This is an illustrated, chronological guide to the history of the University of Melbourne based on the archival holdings of the University. In particular UMAIC, the image catalogue maintained by The University of Melbourne Archives. It covers the period from the establishment of the University in 1853 through to recent times.
The history of major institutions within a community resonate with significance for understanding the complexity and detail of that community's wider history.
The administration of the University from the commencement to modern times exemplified a process of development from the simple to the complex. The first Registrar could easily be the first librarian also because there was so little for him to do in either capacity. But with the growth of the institution, the development of new schools, the increase in the number of students, the constitution of the Senate, the formation of an intimate relationship between the University and the system of primary and secondary education throughout the State, the office of Registrar became exceedingly onerous, and his staff large and hard worked.
The same is true of the teaching and research function of the University. The increase in complexity is no better exemplified than in the rapid partitioning of the territory covered by the foundation professor of Natural Science. By the time of this death in 1899 there were four professors covering various branches of science and a fifth added only seven years later. By 1975 there were over fifty professors of scientific disciplines (including clinical chairs) and these are not the limit of all that might be possible if budgets were generous enough. To chart the introduction of new departments in the University is not to measure growth alone, but also the flow of knowledge and expertise into Victoria and Australia, and the transmission of that knowledge to succeeding generations of students.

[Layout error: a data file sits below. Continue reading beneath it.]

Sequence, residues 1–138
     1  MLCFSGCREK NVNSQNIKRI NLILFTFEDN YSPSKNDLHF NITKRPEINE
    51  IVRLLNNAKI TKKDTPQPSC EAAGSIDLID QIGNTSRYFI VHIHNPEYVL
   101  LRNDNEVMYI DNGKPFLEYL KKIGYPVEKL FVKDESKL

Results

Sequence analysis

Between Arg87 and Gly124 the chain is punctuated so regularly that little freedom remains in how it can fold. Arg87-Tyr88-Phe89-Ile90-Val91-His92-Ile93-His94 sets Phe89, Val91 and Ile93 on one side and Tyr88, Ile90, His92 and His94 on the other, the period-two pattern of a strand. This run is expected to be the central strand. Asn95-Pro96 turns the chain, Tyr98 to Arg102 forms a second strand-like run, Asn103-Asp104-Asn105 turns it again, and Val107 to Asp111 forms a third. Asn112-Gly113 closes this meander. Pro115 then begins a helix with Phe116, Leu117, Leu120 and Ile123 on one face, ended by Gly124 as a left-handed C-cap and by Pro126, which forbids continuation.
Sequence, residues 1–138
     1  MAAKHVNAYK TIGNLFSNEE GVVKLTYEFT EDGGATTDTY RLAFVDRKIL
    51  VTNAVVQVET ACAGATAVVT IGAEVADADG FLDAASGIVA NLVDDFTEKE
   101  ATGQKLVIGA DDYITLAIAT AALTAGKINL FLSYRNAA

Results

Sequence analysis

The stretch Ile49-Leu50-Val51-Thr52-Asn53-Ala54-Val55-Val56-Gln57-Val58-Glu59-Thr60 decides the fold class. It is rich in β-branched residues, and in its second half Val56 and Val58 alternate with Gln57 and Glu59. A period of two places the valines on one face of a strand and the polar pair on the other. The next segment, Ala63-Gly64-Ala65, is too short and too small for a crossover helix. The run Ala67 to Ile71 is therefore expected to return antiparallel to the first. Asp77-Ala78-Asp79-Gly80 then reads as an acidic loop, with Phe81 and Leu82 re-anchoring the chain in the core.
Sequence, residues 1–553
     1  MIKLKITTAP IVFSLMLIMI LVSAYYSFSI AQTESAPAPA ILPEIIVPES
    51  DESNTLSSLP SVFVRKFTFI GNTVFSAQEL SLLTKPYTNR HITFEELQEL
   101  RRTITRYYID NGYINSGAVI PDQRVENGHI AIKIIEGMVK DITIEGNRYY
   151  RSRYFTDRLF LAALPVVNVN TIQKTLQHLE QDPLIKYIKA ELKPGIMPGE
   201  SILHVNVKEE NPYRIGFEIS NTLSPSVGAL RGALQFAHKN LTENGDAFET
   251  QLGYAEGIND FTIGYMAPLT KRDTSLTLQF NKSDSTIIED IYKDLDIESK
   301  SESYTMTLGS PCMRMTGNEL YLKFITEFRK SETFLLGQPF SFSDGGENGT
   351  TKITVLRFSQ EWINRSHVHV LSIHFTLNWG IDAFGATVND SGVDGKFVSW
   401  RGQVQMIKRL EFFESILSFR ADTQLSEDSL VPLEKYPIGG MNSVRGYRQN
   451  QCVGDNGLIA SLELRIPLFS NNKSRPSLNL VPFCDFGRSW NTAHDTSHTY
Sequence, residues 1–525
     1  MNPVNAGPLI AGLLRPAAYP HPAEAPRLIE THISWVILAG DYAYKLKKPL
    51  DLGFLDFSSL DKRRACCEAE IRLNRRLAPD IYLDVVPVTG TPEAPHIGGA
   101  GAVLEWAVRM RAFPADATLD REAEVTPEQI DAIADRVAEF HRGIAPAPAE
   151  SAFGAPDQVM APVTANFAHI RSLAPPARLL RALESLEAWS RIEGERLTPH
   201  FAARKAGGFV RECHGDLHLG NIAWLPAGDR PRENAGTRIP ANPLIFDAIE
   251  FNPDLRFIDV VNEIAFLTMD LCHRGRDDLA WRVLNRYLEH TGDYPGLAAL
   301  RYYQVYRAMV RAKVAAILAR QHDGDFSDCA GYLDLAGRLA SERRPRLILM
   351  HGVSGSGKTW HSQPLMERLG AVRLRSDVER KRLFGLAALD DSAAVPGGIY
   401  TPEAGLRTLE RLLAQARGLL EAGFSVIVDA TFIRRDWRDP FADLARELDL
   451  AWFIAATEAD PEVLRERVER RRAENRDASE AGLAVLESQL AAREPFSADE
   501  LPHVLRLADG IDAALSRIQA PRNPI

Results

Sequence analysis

The University records include minutes of Council, Professorial Board and Faculties, series of correspondence, student records, plans and photographs. Personal papers of University staff may relate to their extramural activities and interests as well as to their teaching and research, for example, those of Sir James Barrett (oculist and University Chancellor), Professors Sir William Harrison Moore (Law), W.A. Osborne (Physiology) and Sir Samuel Wadham (Agriculture), R.M. Crawford and Geoffrey Blainey (History), Associate Professors Kathleen Fitzpatrick (History) and A. Lodewyckx (Germanic Languages), and Dr. Diana ("Ding") Dyason (History and Philosophy of Science). So too for administrators such as Raymond Priestleyor Dr Ray Marginson.
To these may be added the records of student bodies such as the Student Union, the Students' Representative Council and the Sports Union, and of myriad clubs and societies, and of staff organizations such as the Melbourne University Staff Association and University House.
The array of minute books in the archives of the University illustrate this process. The earliest minute book of the proceedings of the Council is a folio volume wherein is recorded in 134 printed pages the work of seven years; and very often the entry 'A quorum not being present no business was transacted,' is all that appears upon a page, save for the names of the four or five faithful men who did put in an appearance - Redmond Barry being nearly always the one who was present. But the later history of the University is contained in a regiment of minute books of Council, Senate, Professorial Board, Faculties, Schools Board, Finance Committee, Buildings Committee, Correspondence Committee, and several other records of special bodies. These leather-bound tomes, all thick and heavy, represent the abstract and brief chronicles of three quarters of a century's, activities, and in the tantalising curtness of their entries cover not a few comedies and dramatic incidents. Professor of History, Sir Ernest Scott, the first historian of the University, mid 1930s
The text and image selection was developed by Dr Carolyn Rasmussen and Dr Mark Richmond.
This project was supported by the University's 150th Anniversary Small Project Program.
First published 2003 University of Melbourne Archives.